Yes, and we flipped it at the rate of ten gallons the hour; and when the squall came (for it's squally off there by Patagonia), and all hands --visitors and all --were called to reef topsails, we were so top-heavy that we had to swing each other aloft in bowlines; and we ignorantly furled the skirts of our jackets into the sails, so that we hung there, reefed fast in the howling gale, a warning example to all drunken tars.
At night he crept into sheds and cellars and doorways--until there came a spell of belated winter weather, with a raging gale, and the thermometer five degrees below zero at sundown and falling all night.
They halted, they stood their ground a moment against that withering deluge of fire, then they broke, faced about and swept toward the ditch like chaff before a gale.
One must have a silk veil, to protect his face from snow, sleet, hail and gale, and colored goggles to protect his eyes from that dangerous enemy, snow-blindness.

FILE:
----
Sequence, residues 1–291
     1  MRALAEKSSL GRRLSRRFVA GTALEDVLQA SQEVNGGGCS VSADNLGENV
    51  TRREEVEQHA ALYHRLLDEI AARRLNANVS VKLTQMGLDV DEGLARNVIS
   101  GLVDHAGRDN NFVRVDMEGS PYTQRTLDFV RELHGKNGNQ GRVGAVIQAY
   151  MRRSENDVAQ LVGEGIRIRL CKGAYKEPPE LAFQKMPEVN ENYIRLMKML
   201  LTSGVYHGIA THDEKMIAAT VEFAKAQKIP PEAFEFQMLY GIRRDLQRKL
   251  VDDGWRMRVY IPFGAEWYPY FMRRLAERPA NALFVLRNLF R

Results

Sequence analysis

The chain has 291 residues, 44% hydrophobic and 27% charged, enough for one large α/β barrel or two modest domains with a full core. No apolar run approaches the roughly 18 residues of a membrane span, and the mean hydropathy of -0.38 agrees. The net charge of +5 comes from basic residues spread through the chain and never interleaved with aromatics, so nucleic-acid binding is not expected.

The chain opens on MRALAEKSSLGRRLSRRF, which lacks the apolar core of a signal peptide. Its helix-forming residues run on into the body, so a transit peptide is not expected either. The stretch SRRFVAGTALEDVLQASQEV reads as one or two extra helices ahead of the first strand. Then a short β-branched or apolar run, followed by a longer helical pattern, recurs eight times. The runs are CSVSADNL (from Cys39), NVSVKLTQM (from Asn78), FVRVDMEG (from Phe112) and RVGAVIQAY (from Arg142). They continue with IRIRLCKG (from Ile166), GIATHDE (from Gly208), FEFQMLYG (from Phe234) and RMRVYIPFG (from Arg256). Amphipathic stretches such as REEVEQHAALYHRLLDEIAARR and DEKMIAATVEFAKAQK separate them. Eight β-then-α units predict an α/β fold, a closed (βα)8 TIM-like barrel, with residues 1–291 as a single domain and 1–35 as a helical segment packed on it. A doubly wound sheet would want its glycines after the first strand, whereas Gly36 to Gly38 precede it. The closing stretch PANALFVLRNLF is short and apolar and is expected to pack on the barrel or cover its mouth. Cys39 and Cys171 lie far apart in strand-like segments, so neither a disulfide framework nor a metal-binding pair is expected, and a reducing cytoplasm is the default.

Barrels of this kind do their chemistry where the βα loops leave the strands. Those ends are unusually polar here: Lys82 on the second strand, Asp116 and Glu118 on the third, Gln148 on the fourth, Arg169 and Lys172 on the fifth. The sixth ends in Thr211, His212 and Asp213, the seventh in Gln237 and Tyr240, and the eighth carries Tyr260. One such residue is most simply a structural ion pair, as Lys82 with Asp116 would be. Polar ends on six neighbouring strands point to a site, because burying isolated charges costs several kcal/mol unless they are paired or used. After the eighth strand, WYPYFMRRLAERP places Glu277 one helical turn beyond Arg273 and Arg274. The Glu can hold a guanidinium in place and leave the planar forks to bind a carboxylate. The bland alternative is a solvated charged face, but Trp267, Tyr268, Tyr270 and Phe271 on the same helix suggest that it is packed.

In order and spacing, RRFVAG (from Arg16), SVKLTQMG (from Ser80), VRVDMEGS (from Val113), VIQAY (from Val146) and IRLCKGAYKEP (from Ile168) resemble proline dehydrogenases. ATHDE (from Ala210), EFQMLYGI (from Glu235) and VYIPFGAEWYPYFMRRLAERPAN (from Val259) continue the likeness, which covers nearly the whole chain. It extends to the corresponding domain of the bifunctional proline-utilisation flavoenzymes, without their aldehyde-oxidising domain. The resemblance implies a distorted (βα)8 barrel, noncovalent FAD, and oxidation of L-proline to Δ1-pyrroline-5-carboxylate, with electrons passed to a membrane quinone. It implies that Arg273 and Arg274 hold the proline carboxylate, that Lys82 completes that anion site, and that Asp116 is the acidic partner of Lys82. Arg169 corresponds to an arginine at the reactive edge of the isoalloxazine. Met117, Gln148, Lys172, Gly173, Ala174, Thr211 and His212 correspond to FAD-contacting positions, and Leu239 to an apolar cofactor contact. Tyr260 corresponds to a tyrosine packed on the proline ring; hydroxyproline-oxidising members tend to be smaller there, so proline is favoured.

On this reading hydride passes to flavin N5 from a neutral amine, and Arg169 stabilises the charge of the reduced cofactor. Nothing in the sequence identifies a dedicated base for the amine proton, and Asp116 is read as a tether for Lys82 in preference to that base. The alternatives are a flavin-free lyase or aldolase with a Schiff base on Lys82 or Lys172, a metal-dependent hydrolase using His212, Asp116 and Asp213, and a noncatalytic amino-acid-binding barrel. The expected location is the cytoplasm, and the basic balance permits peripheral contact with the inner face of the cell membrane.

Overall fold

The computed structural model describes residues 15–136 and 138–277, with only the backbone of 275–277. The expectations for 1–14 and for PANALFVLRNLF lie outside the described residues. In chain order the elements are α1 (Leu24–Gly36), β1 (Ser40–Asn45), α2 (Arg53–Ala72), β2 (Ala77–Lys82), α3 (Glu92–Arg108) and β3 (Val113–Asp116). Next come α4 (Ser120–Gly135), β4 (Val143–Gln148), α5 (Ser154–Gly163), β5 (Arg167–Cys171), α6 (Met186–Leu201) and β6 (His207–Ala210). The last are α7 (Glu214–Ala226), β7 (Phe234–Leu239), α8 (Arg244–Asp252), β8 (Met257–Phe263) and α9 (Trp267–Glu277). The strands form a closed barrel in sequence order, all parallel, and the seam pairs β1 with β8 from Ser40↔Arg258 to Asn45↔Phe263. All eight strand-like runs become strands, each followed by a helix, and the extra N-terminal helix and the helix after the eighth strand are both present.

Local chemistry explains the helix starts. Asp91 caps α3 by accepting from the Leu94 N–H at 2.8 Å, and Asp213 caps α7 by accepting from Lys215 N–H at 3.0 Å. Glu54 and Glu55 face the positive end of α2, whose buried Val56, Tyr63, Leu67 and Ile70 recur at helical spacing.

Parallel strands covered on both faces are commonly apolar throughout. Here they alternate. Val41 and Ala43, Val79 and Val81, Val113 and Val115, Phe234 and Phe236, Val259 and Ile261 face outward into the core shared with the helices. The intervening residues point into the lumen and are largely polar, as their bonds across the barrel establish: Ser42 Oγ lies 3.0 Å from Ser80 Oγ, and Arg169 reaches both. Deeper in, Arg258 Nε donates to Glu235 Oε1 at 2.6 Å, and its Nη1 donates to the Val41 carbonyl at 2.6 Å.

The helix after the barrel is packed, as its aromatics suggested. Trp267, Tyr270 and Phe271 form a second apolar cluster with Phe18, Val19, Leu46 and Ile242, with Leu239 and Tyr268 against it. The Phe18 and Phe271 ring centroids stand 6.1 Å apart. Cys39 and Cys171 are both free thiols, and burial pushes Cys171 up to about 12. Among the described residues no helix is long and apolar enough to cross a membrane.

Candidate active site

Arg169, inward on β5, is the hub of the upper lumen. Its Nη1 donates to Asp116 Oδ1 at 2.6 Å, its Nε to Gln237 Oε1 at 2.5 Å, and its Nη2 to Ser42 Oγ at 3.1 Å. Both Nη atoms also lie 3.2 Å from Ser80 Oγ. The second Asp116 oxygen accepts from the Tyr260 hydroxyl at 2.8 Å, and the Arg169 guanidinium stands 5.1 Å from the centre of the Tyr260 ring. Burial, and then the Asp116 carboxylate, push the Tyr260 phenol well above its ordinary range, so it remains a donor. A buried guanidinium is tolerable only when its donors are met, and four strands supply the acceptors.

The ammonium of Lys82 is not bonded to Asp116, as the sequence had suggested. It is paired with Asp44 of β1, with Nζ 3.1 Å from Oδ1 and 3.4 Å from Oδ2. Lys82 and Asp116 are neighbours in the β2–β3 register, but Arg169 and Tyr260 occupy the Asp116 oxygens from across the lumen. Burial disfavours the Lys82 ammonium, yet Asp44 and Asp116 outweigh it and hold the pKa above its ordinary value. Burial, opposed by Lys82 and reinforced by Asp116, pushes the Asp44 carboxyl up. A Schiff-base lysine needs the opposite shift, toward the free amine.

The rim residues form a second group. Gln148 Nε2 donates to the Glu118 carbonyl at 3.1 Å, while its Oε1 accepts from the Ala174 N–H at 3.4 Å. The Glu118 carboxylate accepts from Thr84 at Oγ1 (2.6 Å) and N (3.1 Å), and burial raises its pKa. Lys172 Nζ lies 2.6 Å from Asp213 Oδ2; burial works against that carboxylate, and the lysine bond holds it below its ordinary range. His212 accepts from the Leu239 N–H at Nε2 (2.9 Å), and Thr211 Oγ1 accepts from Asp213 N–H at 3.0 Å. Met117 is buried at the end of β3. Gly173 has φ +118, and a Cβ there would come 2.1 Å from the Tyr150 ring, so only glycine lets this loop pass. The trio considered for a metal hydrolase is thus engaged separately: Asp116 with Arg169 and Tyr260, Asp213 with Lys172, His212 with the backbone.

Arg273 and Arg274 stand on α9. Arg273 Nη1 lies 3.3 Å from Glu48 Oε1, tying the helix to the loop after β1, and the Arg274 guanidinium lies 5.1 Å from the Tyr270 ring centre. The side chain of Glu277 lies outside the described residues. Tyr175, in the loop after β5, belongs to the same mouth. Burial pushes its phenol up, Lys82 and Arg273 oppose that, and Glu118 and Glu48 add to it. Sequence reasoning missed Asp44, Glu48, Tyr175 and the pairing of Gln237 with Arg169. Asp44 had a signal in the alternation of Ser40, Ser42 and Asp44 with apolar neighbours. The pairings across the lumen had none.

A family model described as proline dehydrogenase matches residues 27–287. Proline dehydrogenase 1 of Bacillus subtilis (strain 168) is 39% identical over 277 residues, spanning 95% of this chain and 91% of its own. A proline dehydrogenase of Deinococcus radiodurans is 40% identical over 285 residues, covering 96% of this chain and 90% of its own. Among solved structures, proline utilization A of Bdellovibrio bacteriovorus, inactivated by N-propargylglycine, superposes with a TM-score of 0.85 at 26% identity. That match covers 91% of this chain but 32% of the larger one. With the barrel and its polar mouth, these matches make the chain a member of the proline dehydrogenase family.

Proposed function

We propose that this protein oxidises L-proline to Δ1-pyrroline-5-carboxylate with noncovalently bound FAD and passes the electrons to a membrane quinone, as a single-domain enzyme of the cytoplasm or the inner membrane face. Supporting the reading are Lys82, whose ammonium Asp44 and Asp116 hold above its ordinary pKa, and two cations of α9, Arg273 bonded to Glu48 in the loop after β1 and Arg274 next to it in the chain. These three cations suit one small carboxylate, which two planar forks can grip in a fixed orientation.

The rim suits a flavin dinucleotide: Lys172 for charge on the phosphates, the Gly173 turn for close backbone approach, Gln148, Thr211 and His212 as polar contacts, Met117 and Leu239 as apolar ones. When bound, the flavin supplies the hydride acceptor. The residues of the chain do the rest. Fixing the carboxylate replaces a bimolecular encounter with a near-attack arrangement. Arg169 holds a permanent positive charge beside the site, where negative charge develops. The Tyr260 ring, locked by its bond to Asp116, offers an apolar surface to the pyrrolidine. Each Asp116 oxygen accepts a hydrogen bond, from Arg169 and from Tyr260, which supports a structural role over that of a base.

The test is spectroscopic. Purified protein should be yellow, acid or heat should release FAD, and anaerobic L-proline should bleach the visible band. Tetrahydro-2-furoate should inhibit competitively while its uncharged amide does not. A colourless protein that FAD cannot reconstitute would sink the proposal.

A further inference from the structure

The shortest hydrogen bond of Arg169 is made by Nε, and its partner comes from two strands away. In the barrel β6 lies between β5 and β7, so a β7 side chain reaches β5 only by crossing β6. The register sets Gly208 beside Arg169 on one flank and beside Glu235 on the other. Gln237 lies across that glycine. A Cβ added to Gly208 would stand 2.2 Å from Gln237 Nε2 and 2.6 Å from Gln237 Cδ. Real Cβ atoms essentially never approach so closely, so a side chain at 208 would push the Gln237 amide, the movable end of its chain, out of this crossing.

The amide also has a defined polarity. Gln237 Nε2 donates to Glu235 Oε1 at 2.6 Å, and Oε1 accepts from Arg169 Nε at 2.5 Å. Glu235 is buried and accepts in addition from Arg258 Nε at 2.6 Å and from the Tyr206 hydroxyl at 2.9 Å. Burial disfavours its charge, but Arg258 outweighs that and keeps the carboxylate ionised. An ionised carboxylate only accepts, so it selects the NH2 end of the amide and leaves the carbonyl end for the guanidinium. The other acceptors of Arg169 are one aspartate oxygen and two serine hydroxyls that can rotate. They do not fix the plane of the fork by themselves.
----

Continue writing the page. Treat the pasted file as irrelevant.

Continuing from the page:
The master gave her none, for one of his speculations was in jeopardy, and his mind was so occupied that he hardly saw the children when he looked at them, and all Roxy had to do was to get them both into a gale of laughter when he came about; then their faces were mainly cavities exposing gums, and he was gone again before the spasm passed and the little creatures resumed a human aspect.
You move merrily before the gentle gale, and I sadly before the bloody whip
There is a high gale in that sky, and on this hill-top.
Joining their horny hands over the rough table at which they sat, they wished each other Merry Christmas in their can of grog; and one of them: the elder, too, with his face all damaged and scarred with hard weather, as the figure-head of an old ship might be: struck up a sturdy song that was like a Gale in itself.
I don't know how long I may live, or how soon I may die; but I know that if I was capsized, any night, in a gale of wind in Yarmouth Roads here, and was to see the town-lights shining for the last time over the rollers as I couldn't make no head against, I could go down quieter for thinking "There's a man ashore there, iron-true to my little Em'ly, God bless her, and no wrong can touch my Em'ly while so be as that man lives.